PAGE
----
Climate Change for Kids



The United Nations Conference on Climate Change (COP21) is being held in Paris from November 30th to December 11th.

To coincide with this important event, this week’s featured book is:

How We Know What We Know About Our Changing Climate.

This books gives you the  science behind the headlines — evidence from flowers, butterflies, birds, frogs, trees, glaciers, and much more, gathered by scientists from all over the world, sometimes with the assistance of young “citizen-scientists.”

CLIMT2We know it’s important to share environmental issues with children with care. Read Climate Change Made Age-Appropriate.


CLIMTG_StoreFEATURED LESSON PLAN: Disappearing Glaciers

(from A Teacher’s Guide to How We Know What We Know About Our Changing Climate)

This lesson begins with a kinesthetic activity having student groups pantomime the life of a glacier. Then, either individually or with a partner, students compare photographs of a glacier over a time span of 88 years. They create a Venn diagram of the similarities and differences between the photos. Go to the sample pages of the teacher’s guide and scroll down to the  Disappearing Glaciers Lesson Plan.



Lynne Cherry is the author and/or illustrator of over thirty award-winning books for children. Cherry_smallHer best-selling books such as The Great Kapok Tree and A River Ran Wild teach children to respect the earth. Lynne lectures widely – and passionately – about how children can make a difference in a democratic society. If they feel strongly about something, they can change the world. She explains to educators how using nature to integrate curriculum makes a child’s learning relevant. Lynne’s books were inspired by her love of the natural world and she is an avid canoeist and hiker. How We Know What We Know About Our Changing Climate is Lynne’s first book with Dawn Publications.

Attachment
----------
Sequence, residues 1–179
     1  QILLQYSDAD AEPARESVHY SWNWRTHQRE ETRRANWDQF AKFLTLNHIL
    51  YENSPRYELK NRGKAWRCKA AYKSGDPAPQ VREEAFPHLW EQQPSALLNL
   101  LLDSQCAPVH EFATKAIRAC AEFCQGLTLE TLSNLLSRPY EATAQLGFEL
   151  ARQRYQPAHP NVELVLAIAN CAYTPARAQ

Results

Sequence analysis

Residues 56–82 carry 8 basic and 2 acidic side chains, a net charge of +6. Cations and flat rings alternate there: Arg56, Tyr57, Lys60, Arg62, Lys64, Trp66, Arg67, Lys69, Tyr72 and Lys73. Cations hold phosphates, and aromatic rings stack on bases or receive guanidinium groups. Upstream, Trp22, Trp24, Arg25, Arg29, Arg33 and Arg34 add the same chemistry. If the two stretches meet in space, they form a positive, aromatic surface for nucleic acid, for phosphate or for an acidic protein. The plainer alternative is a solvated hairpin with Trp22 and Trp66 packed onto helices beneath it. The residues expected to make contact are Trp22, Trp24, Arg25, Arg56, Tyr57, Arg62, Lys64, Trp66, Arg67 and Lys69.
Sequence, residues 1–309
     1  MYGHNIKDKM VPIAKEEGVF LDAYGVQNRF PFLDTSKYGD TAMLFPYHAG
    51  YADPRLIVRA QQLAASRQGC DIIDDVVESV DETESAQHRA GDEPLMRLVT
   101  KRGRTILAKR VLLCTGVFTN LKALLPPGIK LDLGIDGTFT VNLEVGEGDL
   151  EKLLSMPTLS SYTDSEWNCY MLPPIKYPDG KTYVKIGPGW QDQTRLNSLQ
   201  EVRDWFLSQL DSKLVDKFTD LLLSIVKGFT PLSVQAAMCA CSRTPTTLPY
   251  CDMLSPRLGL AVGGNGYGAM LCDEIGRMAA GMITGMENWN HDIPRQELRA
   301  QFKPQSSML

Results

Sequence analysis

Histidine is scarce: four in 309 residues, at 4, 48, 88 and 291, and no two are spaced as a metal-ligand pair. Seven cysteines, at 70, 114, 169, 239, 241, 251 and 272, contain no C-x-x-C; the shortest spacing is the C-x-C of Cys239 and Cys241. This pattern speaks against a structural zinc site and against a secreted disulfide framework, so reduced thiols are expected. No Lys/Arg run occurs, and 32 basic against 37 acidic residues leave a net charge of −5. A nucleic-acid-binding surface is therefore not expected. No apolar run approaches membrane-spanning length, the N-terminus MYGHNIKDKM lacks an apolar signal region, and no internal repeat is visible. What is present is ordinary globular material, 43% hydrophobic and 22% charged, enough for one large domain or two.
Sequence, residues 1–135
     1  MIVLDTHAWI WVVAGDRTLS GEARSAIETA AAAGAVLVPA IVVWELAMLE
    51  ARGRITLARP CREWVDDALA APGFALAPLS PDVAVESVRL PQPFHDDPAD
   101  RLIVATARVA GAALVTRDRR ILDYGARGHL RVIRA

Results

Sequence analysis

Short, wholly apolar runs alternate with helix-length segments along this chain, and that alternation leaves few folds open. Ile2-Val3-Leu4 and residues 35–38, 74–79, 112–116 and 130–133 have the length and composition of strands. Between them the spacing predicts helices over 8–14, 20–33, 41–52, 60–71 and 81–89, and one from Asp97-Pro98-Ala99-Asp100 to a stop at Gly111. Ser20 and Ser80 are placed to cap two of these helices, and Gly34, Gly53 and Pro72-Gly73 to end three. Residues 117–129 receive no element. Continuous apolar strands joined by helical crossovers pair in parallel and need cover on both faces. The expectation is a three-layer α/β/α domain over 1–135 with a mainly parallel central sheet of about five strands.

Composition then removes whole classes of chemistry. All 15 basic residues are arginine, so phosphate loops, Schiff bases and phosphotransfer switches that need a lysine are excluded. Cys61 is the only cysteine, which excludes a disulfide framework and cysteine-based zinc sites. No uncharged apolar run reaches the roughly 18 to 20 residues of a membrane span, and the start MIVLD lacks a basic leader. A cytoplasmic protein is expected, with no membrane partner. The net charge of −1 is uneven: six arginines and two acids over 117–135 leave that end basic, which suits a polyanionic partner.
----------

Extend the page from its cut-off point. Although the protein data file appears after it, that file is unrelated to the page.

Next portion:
Visit Lynne Cherry’s website here.



subscribe     Blog by Carol Malnor I love making connections: kids and nature, science and reading, fun and learning. I discovered the joy of connecting Dawn Publications' books with kids when I was a classroom teacher. Dawn's books were easy to incorporate into my lessons and the kids loved them. I used picture books with students of all ages, from primary school all the way up through 9th grade. Over the years, my relationship with Dawn changed and developed, and I authored Dawn’s Teacher’s Guides as well as writing books for children 4-14 years old. ARTICLE How to Use Creative Nonfiction Picture Books in Support of Common Core and Science ACTIVITIES Dawn Publications STANDARDS Common Core State Standards Next Generation Science Standards National Science Teachers Association Picture Perfect Science   OTHER FAVORITES Dawn Publications Children and Nature Network
Sharing Nature Worldwide
Roots and Shoots
Audubon Adventures
Journey North: Citizen Science
Project Learning Tree